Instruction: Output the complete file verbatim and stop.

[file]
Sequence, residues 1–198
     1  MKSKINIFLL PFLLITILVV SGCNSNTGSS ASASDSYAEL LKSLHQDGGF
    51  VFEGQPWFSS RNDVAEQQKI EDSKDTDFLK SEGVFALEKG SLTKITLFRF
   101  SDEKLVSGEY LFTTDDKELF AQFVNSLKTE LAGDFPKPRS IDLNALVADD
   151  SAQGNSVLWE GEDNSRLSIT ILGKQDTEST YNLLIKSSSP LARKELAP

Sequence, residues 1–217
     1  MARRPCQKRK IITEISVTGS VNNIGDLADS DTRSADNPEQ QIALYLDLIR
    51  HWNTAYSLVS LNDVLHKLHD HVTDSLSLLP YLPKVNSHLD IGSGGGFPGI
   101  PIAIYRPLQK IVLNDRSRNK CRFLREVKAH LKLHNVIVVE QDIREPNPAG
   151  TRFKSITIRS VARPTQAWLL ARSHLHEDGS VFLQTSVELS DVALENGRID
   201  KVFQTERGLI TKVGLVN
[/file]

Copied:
Sequence, residues 1–198
     1  MKSKINIFLL PFLLITILVV SGCNSNTGSS ASASDSYAEL LKSLHQDGGF
    51  VFEGQPWFSS RNDVAEQQKI EDSKDTDFLK SEGVFALEKG SLTKITLFRF
   101  SDEKLVSGEY LFTTDDKELF AQFVNSLKTE LAGDFPKPRS IDLNALVADD
   151  SAQGNSVLWE GEDNSRLSIT ILGKQDTEST YNLLIKSSSP LARKELAP

Sequence, residues 1–217
     1  MARRPCQKRK IITEISVTGS VNNIGDLADS DTRSADNPEQ QIALYLDLIR
    51  HWNTAYSLVS LNDVLHKLHD HVTDSLSLLP YLPKVNSHLD IGSGGGFPGI
   101  PIAIYRPLQK IVLNDRSRNK CRFLREVKAH LKLHNVIVVE QDIREPNPAG
   151  TRFKSITIRS VARPTQAWLL ARSHLHEDGS VFLQTSVELS DVALENGRID
   201  KVFQTERGLI TKVGLVN